For the most part, the unaffiliated baseball world is a very organized one. The years of it being this wild and crazy place where surprising stuff happens all the time ended long ago. They play professional baseball, the same as the affiliated leagues. There’s nothing truly zany about the way unaffiliated baseball leagues and teams are run these days. Unless, of course, the topic at hand is the way that trades operate.
Specifically, we’re talking about trades that involve a player to be named later, or PTBNL for short. I know what you’re saying, there are PTBNL trades in Major League Baseball all the time. You, good reader are correct, but, let me ask you a question. How many times is the same player involved in a PTBNL trade? Oh, you’re scratching your head now, aren’t you? Don’t worry, it’s time to dig into the one way that unaffiliated baseball is still wild and zany in a way that affiliated baseball could never hope to achieve.
One of these crazy PTBNL trades just took place a week ago. On February 9th, the Milwaukee Milkmen of the American Association traded Ángel Ventura to the Gateway Grizzlies of the Frontier League for a PTBNL. Fast forward two days and on February 11th, the Grizzlies traded Ventura back to the Milkmen as the PTBNL from the February 9th transaction. Does any of that make sense to you? No, good, it sure as heck doesn’t make a lick of sense to me. In other words, welcome to the wonderful world of unaffiliated baseball.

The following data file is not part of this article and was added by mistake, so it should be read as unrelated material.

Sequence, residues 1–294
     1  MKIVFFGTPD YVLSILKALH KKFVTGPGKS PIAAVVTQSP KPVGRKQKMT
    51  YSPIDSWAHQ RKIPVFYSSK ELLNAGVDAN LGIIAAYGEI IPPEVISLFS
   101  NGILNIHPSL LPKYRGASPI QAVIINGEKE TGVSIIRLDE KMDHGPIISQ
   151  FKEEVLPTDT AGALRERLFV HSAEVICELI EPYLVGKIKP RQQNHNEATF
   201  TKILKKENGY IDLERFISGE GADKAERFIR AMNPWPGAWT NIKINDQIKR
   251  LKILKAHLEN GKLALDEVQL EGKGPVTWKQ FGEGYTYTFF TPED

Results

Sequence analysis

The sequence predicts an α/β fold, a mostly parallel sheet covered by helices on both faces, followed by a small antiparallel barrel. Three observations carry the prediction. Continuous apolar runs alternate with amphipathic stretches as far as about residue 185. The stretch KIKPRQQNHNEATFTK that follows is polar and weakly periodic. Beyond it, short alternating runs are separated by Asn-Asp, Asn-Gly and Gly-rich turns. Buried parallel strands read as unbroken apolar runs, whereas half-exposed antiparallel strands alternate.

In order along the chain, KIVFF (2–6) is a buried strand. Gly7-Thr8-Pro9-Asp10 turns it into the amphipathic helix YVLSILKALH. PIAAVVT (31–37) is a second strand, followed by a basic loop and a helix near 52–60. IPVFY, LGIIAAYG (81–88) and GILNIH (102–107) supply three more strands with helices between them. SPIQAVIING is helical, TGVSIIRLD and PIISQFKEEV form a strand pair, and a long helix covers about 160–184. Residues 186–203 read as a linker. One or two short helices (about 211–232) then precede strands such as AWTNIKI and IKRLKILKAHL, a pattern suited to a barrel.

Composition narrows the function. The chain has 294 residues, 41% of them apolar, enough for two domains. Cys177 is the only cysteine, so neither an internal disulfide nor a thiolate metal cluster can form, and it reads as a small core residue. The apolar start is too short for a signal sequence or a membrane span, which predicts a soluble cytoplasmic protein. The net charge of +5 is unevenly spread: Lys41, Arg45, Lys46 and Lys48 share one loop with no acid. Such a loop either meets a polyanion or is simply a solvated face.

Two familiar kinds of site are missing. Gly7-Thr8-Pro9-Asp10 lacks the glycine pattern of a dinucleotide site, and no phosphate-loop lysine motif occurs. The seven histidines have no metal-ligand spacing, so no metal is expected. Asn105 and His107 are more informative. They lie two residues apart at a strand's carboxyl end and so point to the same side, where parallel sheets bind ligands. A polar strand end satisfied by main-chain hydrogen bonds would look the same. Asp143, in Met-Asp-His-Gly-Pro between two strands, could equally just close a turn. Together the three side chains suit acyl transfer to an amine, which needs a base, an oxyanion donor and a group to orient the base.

The Ventura transactions aren’t isolated either, weird PTBNL deals where one player goes to another league and is then sent straight back to his original team happen frequently. There has to be another component to these deals, but it’s never made public if there is one. There’s no scenario where these trades take place on a regular basis unless money is being exchanged from team to team, or something. While I may not know what the other components of these transactions are, I can assure you of one thing, they will continue to take place.
Just think if you will, it’s the off-season and Dylan Bundy is traded from the Los Angeles Angels to the New York Mets for a PTBNL. Then two days later Bundy is traded right back to the Angels as the PTBNL from the earlier deal. Crazy, right? Sure, it is, it’s also dumb and nonsensical, but it’s fun to watch happen and chuckle at. Yet another reason why I prefer unaffiliated ball to affiliated ball by a healthy margin these days.
Lead photo courtesy of Unknown – American Association